More than 100 years after the famed American author’s death, Mark Twain’s autobiography can finally hit bookstands.
Twain died on May 23, 1910, leaving behind more than 5,000 pages detailing his life in his own words, accompanied with the instructions that they not be published until a century had passed. Why the delay? Twain never gave an explanation, but scholars speculate it was a tactic to let Twain speak more candidly, both about his own friends and about politics.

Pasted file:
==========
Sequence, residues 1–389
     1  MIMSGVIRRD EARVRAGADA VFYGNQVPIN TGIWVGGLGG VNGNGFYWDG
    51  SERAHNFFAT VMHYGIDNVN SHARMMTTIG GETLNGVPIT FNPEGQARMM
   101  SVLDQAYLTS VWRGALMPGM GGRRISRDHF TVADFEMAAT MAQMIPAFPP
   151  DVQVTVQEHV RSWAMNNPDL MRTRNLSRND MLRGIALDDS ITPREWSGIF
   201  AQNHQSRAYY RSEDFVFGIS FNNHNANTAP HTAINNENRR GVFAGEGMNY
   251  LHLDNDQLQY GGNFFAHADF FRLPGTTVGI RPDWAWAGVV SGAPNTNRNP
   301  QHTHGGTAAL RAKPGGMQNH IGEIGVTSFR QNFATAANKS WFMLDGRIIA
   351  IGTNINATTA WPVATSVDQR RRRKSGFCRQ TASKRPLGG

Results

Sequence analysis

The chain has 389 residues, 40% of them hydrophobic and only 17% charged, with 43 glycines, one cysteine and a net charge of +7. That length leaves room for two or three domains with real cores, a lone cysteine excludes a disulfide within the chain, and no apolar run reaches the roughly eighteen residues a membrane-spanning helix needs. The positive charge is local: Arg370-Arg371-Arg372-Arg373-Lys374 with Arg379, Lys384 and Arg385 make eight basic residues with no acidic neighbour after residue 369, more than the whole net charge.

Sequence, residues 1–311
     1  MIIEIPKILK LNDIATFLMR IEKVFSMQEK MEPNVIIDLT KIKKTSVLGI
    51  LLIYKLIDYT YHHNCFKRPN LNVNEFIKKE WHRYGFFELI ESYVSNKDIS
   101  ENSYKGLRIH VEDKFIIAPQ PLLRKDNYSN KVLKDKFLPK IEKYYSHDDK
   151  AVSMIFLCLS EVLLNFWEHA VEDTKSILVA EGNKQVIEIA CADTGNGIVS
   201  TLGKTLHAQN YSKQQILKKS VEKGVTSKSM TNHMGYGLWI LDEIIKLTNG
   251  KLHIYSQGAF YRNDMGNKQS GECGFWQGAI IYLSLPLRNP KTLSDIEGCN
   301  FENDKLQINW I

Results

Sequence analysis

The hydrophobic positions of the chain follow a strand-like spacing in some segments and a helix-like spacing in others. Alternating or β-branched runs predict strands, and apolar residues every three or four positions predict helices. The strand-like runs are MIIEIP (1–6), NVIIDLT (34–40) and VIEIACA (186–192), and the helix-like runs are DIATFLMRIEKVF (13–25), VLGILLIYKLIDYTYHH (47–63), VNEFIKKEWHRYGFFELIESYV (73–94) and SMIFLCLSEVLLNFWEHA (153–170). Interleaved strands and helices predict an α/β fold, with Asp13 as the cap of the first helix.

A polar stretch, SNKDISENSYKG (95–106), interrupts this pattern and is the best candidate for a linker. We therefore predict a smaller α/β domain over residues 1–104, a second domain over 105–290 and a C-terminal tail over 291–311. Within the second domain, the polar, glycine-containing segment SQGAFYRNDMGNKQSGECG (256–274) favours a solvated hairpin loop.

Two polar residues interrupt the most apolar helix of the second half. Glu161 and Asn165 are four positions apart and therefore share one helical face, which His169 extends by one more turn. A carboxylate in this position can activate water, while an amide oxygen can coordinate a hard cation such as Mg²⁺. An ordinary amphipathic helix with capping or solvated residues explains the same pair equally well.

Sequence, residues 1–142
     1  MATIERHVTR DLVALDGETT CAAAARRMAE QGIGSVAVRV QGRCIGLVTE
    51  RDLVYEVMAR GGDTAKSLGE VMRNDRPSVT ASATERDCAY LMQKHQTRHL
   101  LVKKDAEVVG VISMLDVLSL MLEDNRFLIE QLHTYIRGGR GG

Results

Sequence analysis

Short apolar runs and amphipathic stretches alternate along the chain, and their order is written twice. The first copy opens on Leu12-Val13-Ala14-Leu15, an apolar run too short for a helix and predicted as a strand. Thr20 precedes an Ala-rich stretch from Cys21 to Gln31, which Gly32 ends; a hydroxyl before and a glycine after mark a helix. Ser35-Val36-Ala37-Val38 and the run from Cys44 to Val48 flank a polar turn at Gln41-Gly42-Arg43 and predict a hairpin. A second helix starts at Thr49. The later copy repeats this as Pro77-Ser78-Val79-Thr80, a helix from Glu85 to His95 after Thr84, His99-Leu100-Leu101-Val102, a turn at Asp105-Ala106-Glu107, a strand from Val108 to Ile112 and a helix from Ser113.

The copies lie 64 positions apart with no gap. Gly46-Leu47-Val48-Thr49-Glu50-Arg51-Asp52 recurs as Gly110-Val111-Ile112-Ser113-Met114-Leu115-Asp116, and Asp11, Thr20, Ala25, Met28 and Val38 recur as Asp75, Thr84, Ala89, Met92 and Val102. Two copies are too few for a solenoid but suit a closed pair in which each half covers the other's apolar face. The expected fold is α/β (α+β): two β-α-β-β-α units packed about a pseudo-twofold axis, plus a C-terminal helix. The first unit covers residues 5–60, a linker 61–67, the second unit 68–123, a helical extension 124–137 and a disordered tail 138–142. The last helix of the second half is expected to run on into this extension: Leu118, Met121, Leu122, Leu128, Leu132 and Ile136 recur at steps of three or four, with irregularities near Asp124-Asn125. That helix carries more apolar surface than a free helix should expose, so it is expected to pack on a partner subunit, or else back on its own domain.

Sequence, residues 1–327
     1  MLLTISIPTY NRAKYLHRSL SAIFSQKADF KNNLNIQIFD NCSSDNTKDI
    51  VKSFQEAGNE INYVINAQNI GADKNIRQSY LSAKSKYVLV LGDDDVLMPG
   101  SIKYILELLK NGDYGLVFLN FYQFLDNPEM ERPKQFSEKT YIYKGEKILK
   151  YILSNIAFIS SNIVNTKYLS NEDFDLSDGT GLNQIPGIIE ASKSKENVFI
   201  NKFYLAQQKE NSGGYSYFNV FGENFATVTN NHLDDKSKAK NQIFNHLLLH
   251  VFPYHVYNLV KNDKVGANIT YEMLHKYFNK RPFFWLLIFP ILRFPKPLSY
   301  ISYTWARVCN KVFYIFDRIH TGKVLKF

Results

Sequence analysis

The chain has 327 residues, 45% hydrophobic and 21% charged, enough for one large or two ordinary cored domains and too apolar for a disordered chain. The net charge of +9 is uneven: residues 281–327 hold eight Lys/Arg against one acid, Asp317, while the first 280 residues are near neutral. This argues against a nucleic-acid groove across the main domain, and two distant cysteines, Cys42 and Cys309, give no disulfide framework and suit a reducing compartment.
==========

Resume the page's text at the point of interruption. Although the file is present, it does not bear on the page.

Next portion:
And speak candidly he did. The manuscript is owned by the University of California, Berkley, and it contains some salacious details. Twain devotes some 400 pages to his relationship with Isabel Van Kleek Lyon, his secretary in his later years of his life. While she once bought Twain a sex toy — um, TMI, Mark — their relationship fell apart in later years, and Twain spends much of the section blasting her. “It really is 400 pages of bile,” says one historian to the Independent.
Expect to see copies in bookstores this November.